Current Insights On The Benefits Of Custom Orthoses And AFOs
These expert panelists discuss the pros and cons of custom foot orthoses and their biomechanical benefits, whether ankle foot orthoses (AFOs) can prevent falls in older patients, and how to prescribe orthotics for older patients.
How we can explain the controversy regarding the benefit of custom foot orthoses for the management of foot pain?
Although custom foot orthoses seem to be a patient-centric intervention for foot pain in comparison to prefabricated foot orthoses, Bijan Najafi, PhD, says the research does not show significant benefits of custom devices in comparison to prefab devices from a biomechanics standpoint. He asserts that this controversy is mainly due to the fact that those studies often consider change in peak pressure as a primary outcome and notes this may not be relevant to describe the biomechanical benefits of custom orthoses.
Dr. Najafi notes custom foot orthoses reduce peak pressure via redistribution of plantar pressure while prefab orthotics often reduce peak pressure due to shock absorption. Biomechanically, he says there is a significant difference between these two phenomena since the first custom devices help to enhance dynamic plantar loading while the prefabricated devices reduce local peak pressure without changing the shape of pressure profile.
Dr. Najafi cites a recent study revealing that with normal and healthy arches, the statistical distribution of plantar loading is similar to a Gaussian shape whereas in patients with a painful abnormal arch like pes cavus, this shape has far from a normal distribution.1 The authors proposed an index named dynamic plantar loading, which represents the self-similarity between plantar pressure probability distribution with a Gaussian shape.2 They demonstrated that custom orthotics can enhance the dynamic plantar loading index while prefab orthotics are unable to change this index.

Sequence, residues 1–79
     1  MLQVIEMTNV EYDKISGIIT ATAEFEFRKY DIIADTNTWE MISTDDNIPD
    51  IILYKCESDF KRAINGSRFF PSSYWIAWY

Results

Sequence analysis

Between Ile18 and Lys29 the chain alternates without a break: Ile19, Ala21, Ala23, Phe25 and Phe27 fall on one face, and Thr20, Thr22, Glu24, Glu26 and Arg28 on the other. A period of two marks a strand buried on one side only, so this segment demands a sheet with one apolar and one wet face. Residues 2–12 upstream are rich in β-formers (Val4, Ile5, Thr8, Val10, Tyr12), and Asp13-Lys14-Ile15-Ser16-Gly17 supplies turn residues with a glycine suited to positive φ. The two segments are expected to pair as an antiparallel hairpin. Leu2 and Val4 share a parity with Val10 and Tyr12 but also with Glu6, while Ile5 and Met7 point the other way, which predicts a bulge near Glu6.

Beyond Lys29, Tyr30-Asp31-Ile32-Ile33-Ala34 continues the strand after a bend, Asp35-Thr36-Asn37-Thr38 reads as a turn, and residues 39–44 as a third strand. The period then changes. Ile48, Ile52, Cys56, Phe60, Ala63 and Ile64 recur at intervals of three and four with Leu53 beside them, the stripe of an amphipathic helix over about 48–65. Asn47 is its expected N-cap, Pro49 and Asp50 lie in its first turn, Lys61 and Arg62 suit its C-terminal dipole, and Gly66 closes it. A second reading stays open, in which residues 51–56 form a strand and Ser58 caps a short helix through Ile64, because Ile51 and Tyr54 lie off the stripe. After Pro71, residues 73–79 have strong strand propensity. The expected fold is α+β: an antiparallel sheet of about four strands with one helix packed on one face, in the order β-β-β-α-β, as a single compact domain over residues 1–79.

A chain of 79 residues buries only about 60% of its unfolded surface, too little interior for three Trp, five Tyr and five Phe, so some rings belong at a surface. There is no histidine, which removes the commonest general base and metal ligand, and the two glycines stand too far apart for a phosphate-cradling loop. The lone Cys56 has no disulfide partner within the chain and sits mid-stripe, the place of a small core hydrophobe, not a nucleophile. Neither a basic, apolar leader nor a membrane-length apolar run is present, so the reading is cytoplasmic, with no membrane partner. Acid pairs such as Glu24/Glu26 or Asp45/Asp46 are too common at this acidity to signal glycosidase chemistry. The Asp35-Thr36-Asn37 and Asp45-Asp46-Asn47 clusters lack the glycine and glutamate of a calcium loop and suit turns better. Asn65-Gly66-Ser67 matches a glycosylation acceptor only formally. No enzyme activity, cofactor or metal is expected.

Karl Landorf, PhD, GradDipEd, DipAppSc(Pod), does not consider there to be much controversy about custom versus prefab devices. He notes randomized trials have found that both custom and prefab orthoses are beneficial for patients, and systematic reviews have found custom and prefab devices are beneficial for foot pain and can prevent injury in highly active people.3-5 However, Dr. Landorf warns that practitioners need to be aware of the evidence so they prescribe orthoses for appropriate conditions.
Dr. Landorf says there is more controversy with trials that have compared customized orthoses to prefabricated orthoses. He notes many studies have found that appropriate prefab devices, appropriately contoured foot orthoses for example, are just as effective as custom orthoses for many conditions (e.g. plantar heel pain).6
Those who understand pathomechanics have the option of incorporating orthotics into the treatment regimen for many maladies, according to Gene Mirkin, DPM. An orthotic can lessen or resolve pain, and he says success makes it easy to espouse the virtues of orthotics.
On the other hand, Dr. Mirkin notes that when people do not buy into or understand biomechanical contributions to pain and injury, they have “a closed mind” and are not necessarily willing to try this approach, and therefore are naysayers about the benefit of orthotic therapy. He argues the cost of custom orthotics also comes into play for some of the non-believers of orthotic therapy, who may think of the devices as an expensive therapy that patients do not always need. Dr. Mirkin also says the reimbursement may motivate some providers to dispense them because the coverage is available.